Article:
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May 28, 2014 9:03 AM   Subscribe

"I consistently felt myself to be not male or female,” she said, “but the 11-year-old gender: protagonist." [. . .] The title of the piece can only be rendered in these pages as “The Semen Queens of Hyatt Place.” The New York Times Magazine profiles Metafilter's own Tricia Lockwood. (Previously, previously)
posted by grobstein (33 comments total) 53 users marked this as a favorite

 
From her Twitter account " @TriciaLockwood: Here is a list of the words you're not allowed to say in the NYT: deepthroat, pubes, fingering, boner, cum, dong. I tried to say them all"
posted by The Whelk at 9:17 AM on May 28 [19 favorites]


I bought Balloon Pop Outlaw Black, and it's a treasure. She really deserves this recognition.
posted by pony707 at 9:26 AM on May 28


I'm just indescribably delighted by her self-description "I was a hot teen Casaubon." Hooray.

Plus, this and this are pretty much my favorite thing ever to happen on or around Twitter.
posted by torridly at 9:36 AM on May 28 [10 favorites]


She also gave me some really good writing advice on AskMe a while back so I am so happy she's gets a Big Damn Profile writeup
posted by The Whelk at 9:37 AM on May 28 [1 favorite]


Check out the second stanza in this poem she wrote.
posted by glass origami robot at 9:41 AM on May 28 [2 favorites]


I think I've said it before, but I ran across her wayyy back around 2000 when she wrote funny stories about her life on Diaryland (remember that place?). I am always so tickled and pleased when I discovered she's been featured somewhere or is publishing a new book.
posted by Windigo at 9:53 AM on May 28 [2 favorites]


That the same person both re-ignited my interest in poetry and made me appreciate Twitter beyond a way to track what my friends are saying is such a wonderful thing.
posted by MCMikeNamara at 10:02 AM on May 28 [2 favorites]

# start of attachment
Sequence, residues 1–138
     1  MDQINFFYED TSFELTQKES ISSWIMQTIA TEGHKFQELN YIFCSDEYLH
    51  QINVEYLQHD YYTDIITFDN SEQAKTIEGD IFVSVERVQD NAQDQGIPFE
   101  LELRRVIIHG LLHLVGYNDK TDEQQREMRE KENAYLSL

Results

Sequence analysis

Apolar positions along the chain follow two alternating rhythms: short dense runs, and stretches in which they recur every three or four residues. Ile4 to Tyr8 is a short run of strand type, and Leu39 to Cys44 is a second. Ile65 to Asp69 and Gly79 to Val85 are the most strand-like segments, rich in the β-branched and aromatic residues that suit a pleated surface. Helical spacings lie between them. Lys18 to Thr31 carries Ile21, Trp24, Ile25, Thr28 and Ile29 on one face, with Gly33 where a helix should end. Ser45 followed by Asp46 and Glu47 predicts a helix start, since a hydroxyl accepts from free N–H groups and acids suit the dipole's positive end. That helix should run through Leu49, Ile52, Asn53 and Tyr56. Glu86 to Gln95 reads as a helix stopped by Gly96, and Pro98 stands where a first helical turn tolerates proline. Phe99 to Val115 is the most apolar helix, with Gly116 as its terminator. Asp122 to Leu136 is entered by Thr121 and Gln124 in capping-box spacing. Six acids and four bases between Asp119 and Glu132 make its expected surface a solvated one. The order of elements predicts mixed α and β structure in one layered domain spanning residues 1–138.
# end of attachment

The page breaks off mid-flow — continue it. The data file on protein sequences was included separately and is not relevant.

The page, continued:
“Great novels have incest; if not, they’re not good,” Lockwood told me. “William Faulkner taught us that.” She and Kendall had high hopes, but the novel languished, and she was eventually told that, “in the climate after 9/11, people aren’t willing to take a chance on sister-on-sister action where someone loses a hand to gangrene.”

I narrowly missed spitting tea all over my desk. Excellent!
posted by rtha at 10:07 AM on May 28 [7 favorites]


Yeah, she is my favorite twitter personality AND favorite poet, which somehow just doesn't seem fair.
posted by naju at 10:14 AM on May 28


Tricia's writing has been very important and powerful for me for as long as she's been on Metafilter, and I've been thrilled to see her gain wider and wider recognition over the last several years.
posted by Kwine at 10:14 AM on May 28


As a Johnnie, I'm sorry that she didn't get to go to St. John's, because she would have been awesome there, but I'm glad for the very cool stuff that she's done instead.
posted by hydropsyche at 10:26 AM on May 28




After reading some of the links y'all posted, and discovering that she was the author of the poem Rape Joke, which was amazing and terrifying and excellent, I just bought her two books off of Amazon! So thanks for the link, especially as Balloon Pop Outlaw Black was only listed as having 1 copy left in stock. Hopefully that's accurate and it actually shows up!
posted by wyndham at 10:38 AM on May 28


I am tearing up at the writing about her and Jason because they are both really wonderful people and I count myself very very unreasonably lucky to be their friend.

also i recently got to read a tiny excerpt of the memoir, and my reactions were:

1) mashing my fingers onto every page in a desperate attempt to retweet so many perfect sentences
2) shouting into the other room to my SO: "THIS IS SO GOOD, THIS IS TOO FUCKING GOOD"
3) marveling at the fact that she may well be super-famous after it comes out, because it is more funny, beautiful, and dense than any other memoir I think I've ever read

she's very talented! Hi tricia if you're reading this, what up
posted by Greg Nog at 10:42 AM on May 28 [20 favorites]


This article reads like a crush. A restrained and awe-full one. But a crush.
posted by Diablevert at 10:53 AM on May 28 [2 favorites]


She also inspired one of my favourite Twitter toys - The Sext Exchange. Instructions here.
posted by sawdustbear at 11:30 AM on May 28


Okay. I will buy this book. I just read Incarnadine and I could use something with a sense of humor.
posted by lumpenprole at 11:49 AM on May 28




Tricia is totally a super-powerful poet, her idle animation has little elisions and dactyls erupting in blue arcs around her, hit half circle + punch and she yells POET FLAME and billows pyrrhic syllables out of an unreasonably long neck

sorry, sorry, every time someone calls a poet 'powerful' I imagine them spot-welding a thesaurus to an Evinrude and just revving the fuck out of it and cackling while epigrams blow out the exhaust
posted by suckerpunch at 12:31 PM on May 28 [14 favorites]